The Cuban Missile Crisis at 60: Six Timeless Lessons for Arms Control

October 2022
By Graham Allison

October marks the 60th anniversary of the most dangerous crisis in recorded history. In October 1962, U.S. President John Kennedy faced off with Soviet leader Nikita Khrushchev in an eyeball to eyeball confrontation, each with his nation’s nuclear arsenal in hand. In the midst of the crisis, in a quiet aside with his brother, Kennedy offered his estimate that the risks of nuclear war were between one in three and even. Nothing that historians have discovered in the decades since has lengthened these odds. Had this crisis ended in nuclear war, hundreds of millions of people in the Soviet Union, the United States, and Europe could have experienced sudden death.

This photograph of a ballistic missile base in Cuba was among the evidence that helped persuade U.S. President John Kennedy to order a naval blockade of Cuba during the Cuban missile crisis in October 1962. (Photo by Getty Images)As the best documented major crisis in history, in substantial part because Kennedy secretly taped the deliberations in which he and his closest advisers were weighing choices they knew could lead to a catastrophic war, the Cuban missile crisis has become the canonical case study in nuclear statecraft. Over the decades since, key lessons from the crisis have been adapted and applied by the successors of Kennedy and Khrushchev to inform fateful choices. Of the many lessons from this nearly apocalyptic episode, six offer timeless insights for arms control.

First, to survive in a world of mutually assured destruction or MAD, a nuclear power must constrain itself and find ways to persuade its nuclear adversary to constrain itself. MAD is the acronym used by Cold War strategists to capture the essence of objective conditions in which a nuclear power cannot attack an adversary that has a robust nuclear arsenal without triggering a response that destroys itself. Thus, even if country A can destroy country B totally, it cannot do so without B responding with an attack that destroys itself. A nation’s choice to attack an adversary that has a reliable second-strike nuclear arsenal is therefore functionally equivalent to a choice to commit national suicide. In these conditions, a nation’s survival requires it to coexist with its adversary since the alternative is to co-destruct.

Second, from the brute fact that “a nuclear war cannot be won” because at the conclusion the attacker would also have lost their own society, U.S. President Ronald Reagan drew a large categorical imperative: a nuclear war “must therefore never be fought.” Reagan’s often-repeated one-liner, that “a nuclear war cannot be won and must therefore never be fought,” almost says it all.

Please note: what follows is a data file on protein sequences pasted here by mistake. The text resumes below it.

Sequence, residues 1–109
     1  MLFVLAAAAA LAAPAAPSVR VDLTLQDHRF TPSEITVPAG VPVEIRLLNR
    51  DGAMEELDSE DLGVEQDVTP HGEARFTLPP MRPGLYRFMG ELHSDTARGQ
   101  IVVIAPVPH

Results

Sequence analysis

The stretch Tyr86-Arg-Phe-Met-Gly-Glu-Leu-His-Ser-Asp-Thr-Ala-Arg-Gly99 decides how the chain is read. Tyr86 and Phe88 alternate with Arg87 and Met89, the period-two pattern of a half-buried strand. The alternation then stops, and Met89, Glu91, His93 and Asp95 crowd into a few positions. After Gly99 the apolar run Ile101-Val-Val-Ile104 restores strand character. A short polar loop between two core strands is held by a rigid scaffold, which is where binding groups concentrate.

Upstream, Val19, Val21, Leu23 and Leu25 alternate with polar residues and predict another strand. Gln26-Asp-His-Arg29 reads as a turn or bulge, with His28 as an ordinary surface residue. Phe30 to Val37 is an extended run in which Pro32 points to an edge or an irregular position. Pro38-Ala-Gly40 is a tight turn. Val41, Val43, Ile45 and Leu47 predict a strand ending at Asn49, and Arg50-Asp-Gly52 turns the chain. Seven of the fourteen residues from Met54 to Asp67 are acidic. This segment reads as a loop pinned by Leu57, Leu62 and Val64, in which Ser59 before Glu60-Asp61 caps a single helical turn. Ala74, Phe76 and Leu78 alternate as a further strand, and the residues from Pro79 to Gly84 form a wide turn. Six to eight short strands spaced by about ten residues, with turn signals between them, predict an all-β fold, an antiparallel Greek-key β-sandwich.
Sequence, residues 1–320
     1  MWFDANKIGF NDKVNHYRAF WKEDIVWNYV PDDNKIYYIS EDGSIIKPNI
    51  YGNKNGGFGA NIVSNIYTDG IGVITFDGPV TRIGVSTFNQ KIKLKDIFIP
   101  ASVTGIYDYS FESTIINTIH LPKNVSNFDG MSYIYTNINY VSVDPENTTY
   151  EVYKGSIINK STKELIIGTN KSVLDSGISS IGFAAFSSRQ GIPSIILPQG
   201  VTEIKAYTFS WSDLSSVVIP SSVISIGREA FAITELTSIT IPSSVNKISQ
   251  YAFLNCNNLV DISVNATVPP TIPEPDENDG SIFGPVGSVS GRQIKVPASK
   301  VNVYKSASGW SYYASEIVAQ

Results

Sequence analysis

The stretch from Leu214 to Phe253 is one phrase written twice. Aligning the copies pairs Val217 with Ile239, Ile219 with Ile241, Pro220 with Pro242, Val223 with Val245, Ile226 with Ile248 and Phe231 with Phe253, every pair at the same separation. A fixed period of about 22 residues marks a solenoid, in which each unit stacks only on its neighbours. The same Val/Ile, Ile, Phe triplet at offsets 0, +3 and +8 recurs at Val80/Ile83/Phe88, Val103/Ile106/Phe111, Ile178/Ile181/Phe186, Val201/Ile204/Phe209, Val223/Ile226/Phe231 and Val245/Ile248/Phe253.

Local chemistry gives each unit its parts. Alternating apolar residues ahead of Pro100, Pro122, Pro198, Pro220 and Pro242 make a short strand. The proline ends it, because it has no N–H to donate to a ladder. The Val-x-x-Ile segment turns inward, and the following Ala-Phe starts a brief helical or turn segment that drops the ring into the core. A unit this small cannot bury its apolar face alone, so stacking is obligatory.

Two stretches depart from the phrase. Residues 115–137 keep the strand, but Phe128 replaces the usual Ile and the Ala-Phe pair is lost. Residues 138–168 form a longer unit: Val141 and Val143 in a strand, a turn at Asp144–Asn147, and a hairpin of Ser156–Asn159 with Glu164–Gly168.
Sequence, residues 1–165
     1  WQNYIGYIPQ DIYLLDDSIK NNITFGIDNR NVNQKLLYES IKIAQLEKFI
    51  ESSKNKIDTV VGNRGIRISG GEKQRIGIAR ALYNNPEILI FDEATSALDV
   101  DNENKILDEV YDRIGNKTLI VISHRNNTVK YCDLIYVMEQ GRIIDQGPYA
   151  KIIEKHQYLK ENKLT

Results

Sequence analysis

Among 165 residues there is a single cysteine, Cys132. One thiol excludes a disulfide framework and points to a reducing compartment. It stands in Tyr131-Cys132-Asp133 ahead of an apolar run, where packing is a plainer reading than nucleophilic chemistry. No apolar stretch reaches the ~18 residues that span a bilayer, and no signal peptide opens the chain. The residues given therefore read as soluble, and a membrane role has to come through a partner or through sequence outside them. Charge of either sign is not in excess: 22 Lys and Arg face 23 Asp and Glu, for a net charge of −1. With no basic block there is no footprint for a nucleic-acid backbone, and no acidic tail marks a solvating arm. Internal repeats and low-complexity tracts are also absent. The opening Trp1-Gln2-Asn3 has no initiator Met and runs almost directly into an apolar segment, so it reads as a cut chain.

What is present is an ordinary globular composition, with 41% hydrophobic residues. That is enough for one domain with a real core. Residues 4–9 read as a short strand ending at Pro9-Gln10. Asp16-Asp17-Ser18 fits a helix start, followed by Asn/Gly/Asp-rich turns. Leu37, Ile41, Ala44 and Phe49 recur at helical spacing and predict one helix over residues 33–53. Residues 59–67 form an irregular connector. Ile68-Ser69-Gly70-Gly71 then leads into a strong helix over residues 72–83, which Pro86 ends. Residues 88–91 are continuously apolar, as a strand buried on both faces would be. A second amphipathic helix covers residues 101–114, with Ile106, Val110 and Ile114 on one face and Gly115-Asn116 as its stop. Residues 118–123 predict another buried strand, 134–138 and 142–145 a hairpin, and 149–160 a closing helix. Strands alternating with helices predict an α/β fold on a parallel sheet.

Reagan struggled with this radical, disruptive, profound truth. However good the United States was—very, he believed—and however evil the “Evil Empire” was, as he rightly named the Soviet Union, if these two deadly adversaries could not fight a nuclear war or a full-scale conventional war that would likely escalate to nuclear war, then what? Then, the whole character of their competition would have to be fundamentally different from relations between great powers through previous centuries. As Kennedy summarized his own attempt to internalize this fact, because “we cannot end now our differences, at least we can help make the world safe for diversity.”

Lesson three spotlights the necessity for communication, especially private communication, between leaders of nuclear-armed states. Prior to the missile crisis, Kennedy and Khrushchev developed a back channel in which they exchanged private letters. During the crisis, U.S. Attorney General Robert Kennedy communicated secret messages from his brother the president to Khrushchev through the Soviet ambassador in Washington, Anatoly Dobrynin, including the terms of a secret deal that led to peaceful resolution of the crisis.

Yet, the technologies of the day through which these communications were transmitted took 11 hours. In a case where messages were being sent about urgent issues, such delay obviously risked catastrophe. Thus, immediately after the missile crisis, Kennedy proposed and Khrushchev accepted the establishment of the hotline that allowed direct, secret telephone communication between the leaders.